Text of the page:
Six sim­ple tips to help you eat health­ier at work

Healthy Food Guide (Australia) - - CONTENTS -

Break­fast might be the most im­por­tant meal of the day, but where does that leave lunch? A nu­tri­tious, filling mid­day meal is cru­cial if you need to func­tion ef­fec­tively un­til din­ner, with­out graz­ing your way through the af­ter­noon.

Given that you spend around 60 per cent of your wak­ing hours at work dur­ing the week, a sig­nif­i­cant amount of eat­ing is done there. But, with a lit­tle prepa­ra­tion, you can keep your wal­let and your waist­line happy.

Here are six com­mon work ob­sta­cles that can sti­fle healthy in­ten­tions, and ways to over­come them. 1 It’s a col­league’s birth­day… again Did some­one men­tion cake? Cel­e­brat­ing birthdays and farewells with cake is a tra­di­tion in many of­fices. But if you find that there’s cake on of­fer nearly ev­ery other day, those ex­tra kilo­joules, sat­u­rated fat and sugar could steer your healthy eat­ing goals way off track. THE OF­FICE FIX Why not sug­gest a com­bined cel­e­bra­tion at the end of each month? And it doesn’t al­ways have to be cake. It can be a fresh fruit plat­ter, home­made dip and vegie sticks, or a pot-luck lunch where ev­ery­one brings a healthy dish to share.

2 Cof­fee run mid-morn­ing

If you’re stuck in an of­fice all day, the morn­ing cof­fee run is a pleas­ant way to break up the time spent at your desk. But watch out — it can eas­ily lead to a kilo­joule creep, es­pe­cially if the smell of freshly baked muffins or ba­nana bread has an ir­re­sistible ap­peal to your senses. THE OF­FICE FIX Keep calm and caf­feinate! Start the day with a high-fi­bre, pro­tein-rich break­fast to help you re­sist high-kilo­joule café treats. And stick to or­der­ing a small cof­fee, with­out any ex­tras like sugar and syrup flavour­ings.


It’s easy to for­get to drink wa­ter when you’re busy and meet­ing dead­lines, which is why many of us be­come de­hy­drated at work. That brain fade, or feel­ing of thirst, of­ten sends us search­ing for a quick sugar fix in­stead of a re­fresh­ing glass of HO. THE OF­FICE FIX Fill a large wa­ter bot­tle at the start of the day and keep drink­ing, and re­fill­ing. If you need a nudge, set your­self reg­u­lar re­minders to down a glass. There are smart­phone apps and tech gad­gets to help, too. Tea and cof­fee will also hy­drate you, but steer clear of sug­ary drinks.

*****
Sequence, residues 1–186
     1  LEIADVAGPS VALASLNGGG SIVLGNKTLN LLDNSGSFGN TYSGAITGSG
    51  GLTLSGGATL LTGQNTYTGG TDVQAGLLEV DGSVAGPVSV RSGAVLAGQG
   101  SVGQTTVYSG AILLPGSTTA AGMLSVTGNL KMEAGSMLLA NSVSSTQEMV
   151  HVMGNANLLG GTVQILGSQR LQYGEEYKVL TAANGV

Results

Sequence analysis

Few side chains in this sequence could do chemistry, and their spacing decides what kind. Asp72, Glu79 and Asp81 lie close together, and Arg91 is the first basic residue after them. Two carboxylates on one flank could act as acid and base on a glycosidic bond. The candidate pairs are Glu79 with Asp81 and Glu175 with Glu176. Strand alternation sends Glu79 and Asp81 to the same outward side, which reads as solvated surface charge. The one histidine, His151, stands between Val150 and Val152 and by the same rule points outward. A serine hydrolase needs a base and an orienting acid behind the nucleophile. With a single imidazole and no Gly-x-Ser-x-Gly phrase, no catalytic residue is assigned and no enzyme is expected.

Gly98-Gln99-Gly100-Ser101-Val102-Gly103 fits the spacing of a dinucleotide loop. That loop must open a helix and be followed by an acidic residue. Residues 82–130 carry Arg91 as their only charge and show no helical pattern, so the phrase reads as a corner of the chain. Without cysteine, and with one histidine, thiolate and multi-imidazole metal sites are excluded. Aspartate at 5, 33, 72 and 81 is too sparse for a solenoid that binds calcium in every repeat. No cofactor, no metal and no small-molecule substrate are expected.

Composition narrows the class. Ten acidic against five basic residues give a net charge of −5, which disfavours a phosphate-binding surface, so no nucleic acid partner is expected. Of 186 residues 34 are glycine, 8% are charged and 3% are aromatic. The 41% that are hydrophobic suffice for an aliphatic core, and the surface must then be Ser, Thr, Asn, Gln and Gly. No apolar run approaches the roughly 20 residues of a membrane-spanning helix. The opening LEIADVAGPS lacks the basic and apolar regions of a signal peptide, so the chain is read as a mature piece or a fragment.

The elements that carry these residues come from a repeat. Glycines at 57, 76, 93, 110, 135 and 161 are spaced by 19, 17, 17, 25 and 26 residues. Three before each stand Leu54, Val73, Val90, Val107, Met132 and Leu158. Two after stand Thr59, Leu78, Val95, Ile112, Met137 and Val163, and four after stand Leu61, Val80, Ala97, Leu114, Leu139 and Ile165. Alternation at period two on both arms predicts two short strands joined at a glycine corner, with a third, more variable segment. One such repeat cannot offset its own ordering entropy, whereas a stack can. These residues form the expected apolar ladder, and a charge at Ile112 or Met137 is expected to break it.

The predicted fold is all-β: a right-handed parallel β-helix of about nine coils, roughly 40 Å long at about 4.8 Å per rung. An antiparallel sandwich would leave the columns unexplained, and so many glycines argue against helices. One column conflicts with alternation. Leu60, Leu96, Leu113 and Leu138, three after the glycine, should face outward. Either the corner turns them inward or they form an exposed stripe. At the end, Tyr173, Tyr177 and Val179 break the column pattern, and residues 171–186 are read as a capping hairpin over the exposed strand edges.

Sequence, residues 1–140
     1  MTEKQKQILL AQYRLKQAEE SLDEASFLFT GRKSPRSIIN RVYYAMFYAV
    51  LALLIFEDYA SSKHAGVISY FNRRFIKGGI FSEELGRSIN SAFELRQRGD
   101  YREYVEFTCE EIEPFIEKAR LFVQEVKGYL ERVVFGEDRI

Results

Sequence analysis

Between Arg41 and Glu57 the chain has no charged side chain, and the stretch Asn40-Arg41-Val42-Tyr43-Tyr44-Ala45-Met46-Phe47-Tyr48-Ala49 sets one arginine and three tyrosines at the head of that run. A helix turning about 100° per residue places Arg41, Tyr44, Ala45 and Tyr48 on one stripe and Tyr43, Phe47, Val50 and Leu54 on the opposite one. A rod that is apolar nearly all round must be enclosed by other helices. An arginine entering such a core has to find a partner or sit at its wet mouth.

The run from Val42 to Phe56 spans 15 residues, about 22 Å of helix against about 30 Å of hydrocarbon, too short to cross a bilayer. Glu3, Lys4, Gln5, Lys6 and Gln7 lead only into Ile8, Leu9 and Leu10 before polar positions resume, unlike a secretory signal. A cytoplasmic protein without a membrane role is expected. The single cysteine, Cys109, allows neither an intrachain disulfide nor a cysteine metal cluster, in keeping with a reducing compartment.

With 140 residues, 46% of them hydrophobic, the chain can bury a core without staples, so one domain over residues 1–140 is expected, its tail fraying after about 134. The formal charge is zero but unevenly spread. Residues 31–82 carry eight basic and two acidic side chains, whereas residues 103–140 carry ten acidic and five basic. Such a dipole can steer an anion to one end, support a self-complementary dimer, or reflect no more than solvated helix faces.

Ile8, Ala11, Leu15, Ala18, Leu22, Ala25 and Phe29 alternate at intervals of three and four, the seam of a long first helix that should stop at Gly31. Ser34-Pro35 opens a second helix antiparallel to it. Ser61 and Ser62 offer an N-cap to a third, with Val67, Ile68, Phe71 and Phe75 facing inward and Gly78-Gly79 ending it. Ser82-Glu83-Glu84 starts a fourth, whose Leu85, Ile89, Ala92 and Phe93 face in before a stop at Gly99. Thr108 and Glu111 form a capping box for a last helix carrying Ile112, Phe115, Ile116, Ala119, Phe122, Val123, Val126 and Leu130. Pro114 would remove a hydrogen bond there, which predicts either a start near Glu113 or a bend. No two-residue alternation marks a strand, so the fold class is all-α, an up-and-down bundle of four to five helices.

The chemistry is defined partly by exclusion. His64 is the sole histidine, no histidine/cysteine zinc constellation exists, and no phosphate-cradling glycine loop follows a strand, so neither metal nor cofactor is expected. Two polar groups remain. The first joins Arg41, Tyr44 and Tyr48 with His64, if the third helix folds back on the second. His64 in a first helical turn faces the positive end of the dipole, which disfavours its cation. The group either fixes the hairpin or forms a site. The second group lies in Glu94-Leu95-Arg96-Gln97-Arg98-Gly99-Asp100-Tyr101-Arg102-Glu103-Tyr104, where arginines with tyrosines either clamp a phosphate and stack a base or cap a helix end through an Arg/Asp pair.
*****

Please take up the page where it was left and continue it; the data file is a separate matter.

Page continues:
4 The post-lunch en­ergy slump

Leafy sal­ads, in­stant noo­dles and cup­a­soups may be low in kilo­joules, but they’re also low in pro­tein, which means you’ll soon be feel­ing hun­gry and fa­tigued. And when hunger strikes at 3pm, it’s all too easy to turn to the vend­ing ma­chine for a high­fat, high­sugar pick­me­up. THE OF­FICE FIX Add pro­tein to your sal­ads, such as a hard-boiled egg, canned fish or grilled chicken, to keep you sat­is­fied. Also, sur­round your­self with healthy cues. Put a bowl of fruit on your desk at the start of each week, and stash a va­ri­ety of healthy snacks in your draw­ers, such as small con­tain­ers filled with 30g por­tions of un­salted mixed nuts.

5 Oops, for­got your lunch?

No one func­tions well on an empty stom­ach, and if you work in a busi­ness dis­trict, you will be sur­rounded by fast food meal op­tions. How­ever, it can be hard to find nu­tri­tious choices. As well, these quick fixes can cost you up to $50 a week — even more when you add on cof­fees and snacks. THE OF­FICE FIX Stock up on healthy sta­ples to keep at work. When you’re at the su­per­mar­ket, look for ready-made meals and sin­gle-serve pots of soup con­tain­ing whole grains, veg­eta­bles and legumes. Mini cans of tuna or no-added-salt baked beans on whole­grain crack­ers or bread are also good choices. Got a freezer at work? Turn to p30 for our top 10 healthy freezer foods.


As well as mak­ing you feel lethar­gic and giv­ing you bad pos­ture, re­search shows that sit­ting down for hours on end has more se­ri­ous health im­pli­ca­tions, such as in­creas­ing your risk of type 2 di­a­betes, obe­sity and heart disease. THE OF­FICE FIX Take reg­u­lar stand­ing breaks. Aussie re­searchers found that peo­ple who sat for eight hours saw im­prove­ments in their blood sugar and in­sulin lev­els when they walked for three min­utes ev­ery half hour. Set a timer as a re­minder to stand up ev­ery hour and stretch, and try to eat your lunch away from the desk.

Set a timer to stand up & stretch ev­ery hour

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